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Unpublished Paper
Genealogies of Risk: Searching for Safety, 1930s-1970s
ExpressO (2012)
  • William Boyd, University of Colorado at Boulder
Abstract

Health, safety, and environmental regulation in the United States is saturated with risk thinking. It was not always so, and it may not be so in the future. But today, the formal, quantitative approach to risk provides much of the basis for regulation in these fields, a development that seems quite natural, even necessary. This particular approach, while it drew on conceptual and technical developments that had been underway for decades, achieved prominence during a specific, and relatively short timeframe; roughly, between the mid 1970s and the early 1980s—a time of hard looks and regulatory reform. Prior to this time, formal conceptions of risk were rarely invoked in the effort to regulate the increasingly complex set of hazards associated with industrial society, and quantitative risk assessment was considered too uncertain to serve as a basis for regulatory decision-making. With few exceptions safety, hazard, and endangerment provided the dominant framings, drawing on different conceptual and normative tendencies and leading to different regulatory outcomes. This Article investigates the emergence and development of formal approaches to risk in health, safety, and environmental law during the 20th century. It focuses specifically on the concepts, tools, and practices that have underwritten risk thinking in these fields, developing a novel perspective on health, safety, and environmental regulation that seeks to historicize risk and situate the contemporary debate regarding the merits of risk versus precaution in its proper historical context. In doing so, the Article demonstrates how both approaches struggled to deal with a much more vast and complicated world of potential environmental harm brought into view as a result of substantial advances in analytical techniques during the 1960s and early 1970s, thereby revealing the contours of a more fundamental clash over environmental law’s distinctive problem of knowledge. The Article covers the formative period from the New Deal through the 1970s, showing how efforts to operationalize safety in the middle decades of the 20th century led to many of the foundational concepts and techniques that would structure risk thinking in subsequent decades, highlighting the critical role of analytical advances in pushing toward a re-definition of safety as acceptable risk and a corresponding move toward quantitative risk assessment, and revealing how earlier precautionary impulses ultimately gave way under an emerging administrative law of risk.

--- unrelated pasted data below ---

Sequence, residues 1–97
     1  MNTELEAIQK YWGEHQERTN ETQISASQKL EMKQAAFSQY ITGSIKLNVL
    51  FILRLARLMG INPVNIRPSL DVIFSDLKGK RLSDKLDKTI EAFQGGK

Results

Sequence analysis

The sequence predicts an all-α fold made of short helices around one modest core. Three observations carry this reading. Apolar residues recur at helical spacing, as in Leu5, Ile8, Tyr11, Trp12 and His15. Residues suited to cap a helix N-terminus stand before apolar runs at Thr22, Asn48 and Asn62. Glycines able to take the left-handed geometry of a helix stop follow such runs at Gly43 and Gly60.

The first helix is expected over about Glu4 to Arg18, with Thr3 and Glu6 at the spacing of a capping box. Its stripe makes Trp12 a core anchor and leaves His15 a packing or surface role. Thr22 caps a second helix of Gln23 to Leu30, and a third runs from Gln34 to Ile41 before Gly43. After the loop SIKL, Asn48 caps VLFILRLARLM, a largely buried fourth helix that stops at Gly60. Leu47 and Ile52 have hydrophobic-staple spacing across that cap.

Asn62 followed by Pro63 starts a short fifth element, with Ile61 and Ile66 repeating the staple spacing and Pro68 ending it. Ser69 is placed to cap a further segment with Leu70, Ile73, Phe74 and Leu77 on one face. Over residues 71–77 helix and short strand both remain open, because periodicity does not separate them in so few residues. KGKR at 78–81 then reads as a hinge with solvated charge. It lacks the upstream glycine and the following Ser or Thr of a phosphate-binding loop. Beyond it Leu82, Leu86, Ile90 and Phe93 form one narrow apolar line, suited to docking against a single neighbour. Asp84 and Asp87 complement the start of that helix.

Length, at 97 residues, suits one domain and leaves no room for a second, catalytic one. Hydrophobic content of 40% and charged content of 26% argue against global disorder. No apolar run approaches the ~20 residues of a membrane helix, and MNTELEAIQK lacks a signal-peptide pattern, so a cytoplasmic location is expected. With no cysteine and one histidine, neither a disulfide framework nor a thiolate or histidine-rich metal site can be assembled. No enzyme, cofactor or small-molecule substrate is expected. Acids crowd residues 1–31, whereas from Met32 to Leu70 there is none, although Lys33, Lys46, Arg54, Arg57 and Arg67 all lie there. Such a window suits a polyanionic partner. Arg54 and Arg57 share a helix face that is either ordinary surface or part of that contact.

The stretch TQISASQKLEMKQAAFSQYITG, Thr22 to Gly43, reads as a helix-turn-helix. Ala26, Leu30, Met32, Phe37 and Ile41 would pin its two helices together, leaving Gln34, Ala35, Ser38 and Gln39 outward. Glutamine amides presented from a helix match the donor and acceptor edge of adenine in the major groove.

Keywords
  • risk assessment,
  • risk regulation,
  • precaution,
  • administrative law,
  • environmental law,
  • food safety,
  • occupational health and safety law
Disciplines
Publication Date
March 2, 2012
Citation Information
William Boyd. "Genealogies of Risk: Searching for Safety, 1930s-1970s" ExpressO (2012)
Available at: http://works.bepress.com/william_boyd/1/